Thousands of people have been infected by the Ebola virus in West Africa in the recent outbreak. In response, the United Nations and the World Health Organization have implemented critical initiatives and are devoting over $56 million to halt the spread of the disease and address the social and economic consequences of the outbreak.
The devastating mortality rate (52%) of the outbreak highlights the continued need for improved research and treatment strategies to improve outcomes in infected individuals. In an excerpt from a recent conversation with Dr. Steven Bradfute, an Ebola expert who has worked at The United States Army Medical Research Institute of Infectious Diseases (USAMRIID) in Fort Detrick, Md., he explained recent developments in vaccine strategies and groundbreaking research for investigating Ebola-infection mechanisms using mice engrafted with a human immune system. Dr. Bradfute is currently focused on vaccine development for Ebola and other infectious diseases at the University of New Mexico Health Sciences Center.
Q: What can you tell us about the latest developments in the generation of efficient vaccines for Ebola virus?
A:T here are several Ebola vaccines that are effective in non-human primate models. Although none have been tested in infected humans, some have been or are moving into Phase I clinical trials. The Ebola vaccine platforms are quite varied, ranging from virus-like particle vaccines to those based on expression of a single Ebola gene from different non-pathogenic viruses, such as replication-deficient adenovirus or live vesicular stomatitis virus. There has been some discussion on using experimental Ebola vaccines in the current outbreak, but it’s too soon to tell whether this will occur. My work focuses on improving immunogenicity to Ebola proteins regardless of the vaccine platform used.
Q: What does it take to work with the wild-type Ebola virus in a research lab?
A: We can do fascinating studies to understand how Ebola works, although it is cumbersome work. There are only a few biosafety level 4 (BSL4) facilities in the country that are designed to work safely with the wild type Ebola virus. Initially you need to go through about a year of training to work with the virus in a BSL4 laboratory. Due to these and other security measures, there has never been an environmental release from a BSL4 facility in North America .
Q: What kinds of mouse models did you use at USAMRIID?
A: We know that in patients, Ebola virus can infect macrophages and replicate inside these cells. It then gets distributed to other cells and tissues around the body, including other key players in the immune system. When the body’s early response is blocked, the virus can replicate more easily.
In collaboration with JAX Professor Dr. Lenny Shultz and University of Massachusetts Professor Dr. Dale Greiner, we used humanized NSG mice engrafted with human CD34+ hematopoietic cells (that eventually produce several types of circulating human immune cell types). We were able to verify that Ebola virus is not only detected in human macrophages, but it actively replicates inside them.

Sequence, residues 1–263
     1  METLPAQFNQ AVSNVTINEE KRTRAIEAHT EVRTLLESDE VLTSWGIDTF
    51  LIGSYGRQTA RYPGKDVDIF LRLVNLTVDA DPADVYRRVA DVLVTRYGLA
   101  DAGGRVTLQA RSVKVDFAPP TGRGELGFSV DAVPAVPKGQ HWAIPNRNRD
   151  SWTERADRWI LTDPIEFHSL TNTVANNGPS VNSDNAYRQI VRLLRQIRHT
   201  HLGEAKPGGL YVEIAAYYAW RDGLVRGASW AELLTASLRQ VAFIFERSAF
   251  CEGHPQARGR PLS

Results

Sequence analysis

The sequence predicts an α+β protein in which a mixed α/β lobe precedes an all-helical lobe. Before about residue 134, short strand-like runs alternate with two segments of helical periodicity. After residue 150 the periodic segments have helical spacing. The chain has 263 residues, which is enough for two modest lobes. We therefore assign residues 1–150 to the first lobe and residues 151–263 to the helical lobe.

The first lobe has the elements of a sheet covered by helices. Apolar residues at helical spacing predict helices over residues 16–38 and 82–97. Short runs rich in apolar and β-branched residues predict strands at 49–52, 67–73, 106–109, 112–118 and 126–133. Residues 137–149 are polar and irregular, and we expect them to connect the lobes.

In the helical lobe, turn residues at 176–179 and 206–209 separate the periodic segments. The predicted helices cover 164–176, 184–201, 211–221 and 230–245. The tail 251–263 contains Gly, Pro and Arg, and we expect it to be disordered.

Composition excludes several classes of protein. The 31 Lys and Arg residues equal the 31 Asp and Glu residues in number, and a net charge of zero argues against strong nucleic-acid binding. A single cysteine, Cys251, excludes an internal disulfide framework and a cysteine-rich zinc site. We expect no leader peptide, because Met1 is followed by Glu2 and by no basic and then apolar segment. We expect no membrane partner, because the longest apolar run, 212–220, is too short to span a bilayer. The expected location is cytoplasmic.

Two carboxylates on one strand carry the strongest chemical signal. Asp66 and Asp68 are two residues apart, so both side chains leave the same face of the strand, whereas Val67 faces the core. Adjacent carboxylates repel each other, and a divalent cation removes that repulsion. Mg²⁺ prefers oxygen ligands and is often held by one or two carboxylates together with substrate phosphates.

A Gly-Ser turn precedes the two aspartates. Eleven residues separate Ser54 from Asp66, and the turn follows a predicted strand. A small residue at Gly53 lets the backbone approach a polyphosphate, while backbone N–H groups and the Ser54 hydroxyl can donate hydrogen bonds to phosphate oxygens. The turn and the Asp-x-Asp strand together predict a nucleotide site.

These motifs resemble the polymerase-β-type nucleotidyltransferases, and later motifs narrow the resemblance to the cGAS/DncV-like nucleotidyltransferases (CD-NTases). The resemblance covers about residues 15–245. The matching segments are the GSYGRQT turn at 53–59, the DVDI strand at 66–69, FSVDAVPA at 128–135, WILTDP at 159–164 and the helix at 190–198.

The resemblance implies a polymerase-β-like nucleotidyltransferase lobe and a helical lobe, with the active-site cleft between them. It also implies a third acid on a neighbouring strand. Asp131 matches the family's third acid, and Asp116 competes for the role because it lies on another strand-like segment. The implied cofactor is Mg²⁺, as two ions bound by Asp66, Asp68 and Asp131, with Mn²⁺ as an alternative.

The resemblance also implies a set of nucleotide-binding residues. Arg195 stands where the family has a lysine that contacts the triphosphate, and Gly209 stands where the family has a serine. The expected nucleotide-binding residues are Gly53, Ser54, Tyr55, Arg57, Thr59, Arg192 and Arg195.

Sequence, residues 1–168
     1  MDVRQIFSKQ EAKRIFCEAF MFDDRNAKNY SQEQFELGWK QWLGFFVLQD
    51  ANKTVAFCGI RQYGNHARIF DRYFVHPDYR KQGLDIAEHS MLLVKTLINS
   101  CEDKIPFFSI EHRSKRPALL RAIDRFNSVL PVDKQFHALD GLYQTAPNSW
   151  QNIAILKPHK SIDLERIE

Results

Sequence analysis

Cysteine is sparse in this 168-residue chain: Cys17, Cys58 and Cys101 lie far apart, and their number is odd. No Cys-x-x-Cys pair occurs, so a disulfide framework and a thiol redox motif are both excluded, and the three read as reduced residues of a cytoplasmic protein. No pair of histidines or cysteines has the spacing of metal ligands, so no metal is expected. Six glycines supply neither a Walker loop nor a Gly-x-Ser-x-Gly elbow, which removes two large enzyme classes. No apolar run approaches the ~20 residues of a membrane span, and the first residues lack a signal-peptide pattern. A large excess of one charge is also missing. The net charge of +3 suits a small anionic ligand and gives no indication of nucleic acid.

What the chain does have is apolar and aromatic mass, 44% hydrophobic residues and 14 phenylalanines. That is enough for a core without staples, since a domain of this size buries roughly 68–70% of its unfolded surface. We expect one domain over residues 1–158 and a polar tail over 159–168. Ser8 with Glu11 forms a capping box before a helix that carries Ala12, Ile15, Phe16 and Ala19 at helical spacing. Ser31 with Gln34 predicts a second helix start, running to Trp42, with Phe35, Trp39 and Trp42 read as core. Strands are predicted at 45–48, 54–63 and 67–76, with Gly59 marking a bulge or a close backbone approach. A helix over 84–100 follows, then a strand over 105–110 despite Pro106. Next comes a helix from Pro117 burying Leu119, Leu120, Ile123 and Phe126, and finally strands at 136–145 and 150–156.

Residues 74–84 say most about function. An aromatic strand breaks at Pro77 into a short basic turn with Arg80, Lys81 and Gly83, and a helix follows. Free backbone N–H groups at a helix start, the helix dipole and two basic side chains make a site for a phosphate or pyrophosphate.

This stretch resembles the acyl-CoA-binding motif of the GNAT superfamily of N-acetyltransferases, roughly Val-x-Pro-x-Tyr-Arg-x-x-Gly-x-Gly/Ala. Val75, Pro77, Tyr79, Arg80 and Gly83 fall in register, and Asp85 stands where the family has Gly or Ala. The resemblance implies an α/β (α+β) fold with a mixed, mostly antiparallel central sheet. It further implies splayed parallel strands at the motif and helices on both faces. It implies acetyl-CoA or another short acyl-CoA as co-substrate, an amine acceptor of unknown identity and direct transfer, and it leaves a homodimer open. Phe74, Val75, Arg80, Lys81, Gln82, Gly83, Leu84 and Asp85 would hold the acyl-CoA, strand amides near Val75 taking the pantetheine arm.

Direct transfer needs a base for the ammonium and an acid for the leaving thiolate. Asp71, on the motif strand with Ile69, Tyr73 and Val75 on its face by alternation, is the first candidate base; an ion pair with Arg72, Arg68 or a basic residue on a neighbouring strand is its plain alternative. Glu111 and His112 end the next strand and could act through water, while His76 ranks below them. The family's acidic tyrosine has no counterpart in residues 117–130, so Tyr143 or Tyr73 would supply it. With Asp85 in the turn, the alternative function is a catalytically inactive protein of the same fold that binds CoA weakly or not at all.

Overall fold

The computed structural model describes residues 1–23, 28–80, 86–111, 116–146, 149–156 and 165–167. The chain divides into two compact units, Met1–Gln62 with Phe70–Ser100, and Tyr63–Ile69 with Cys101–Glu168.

In another set of experiments we used a handy little model consisting of humanized NSG mice engrafted with human PBMCs, showing that when these mice are infected with the mouse-adapted Ebola virus, circulating human immune cells elicited a significant response by producing human cytokines, followed by induced apoptotic human T cell death. Early results suggest this model recapitulates the cytokine storm often seen in patients, sending other branches of the immune response into overdrive, often resulting in mortality.”
Q: Are humanized NSG models also helpful for developing better vaccines for Ebola?
A: There are several efficacious vaccines for viral pathogens; however, for several of them, no one knows how they work. Although I have not used this model for vaccine development yet, humanized mice are a good platform to look at how vaccines can target individual populations of immune components. You can use this model to learn more about how effective vaccines actually work. Humanized mice can be used to track where the vaccine traffics and how they activate different immune subtypes. One could also infect these mice and look for different treatments to try to decrease the viral burden in specific cell types.
Until the most recent Ebola outbreak, the pharmaceutical industry showed little interest in developing an effective vaccine to this virus. One reason for this is because in the wide spectrum of human diseases, Ebola only affects a small percentage of people who typically live in remote areas. We are grateful to the academic and government researchers around the world who persist in their quest to understand and prevent Ebola disease, even if this happens in places so far away from home.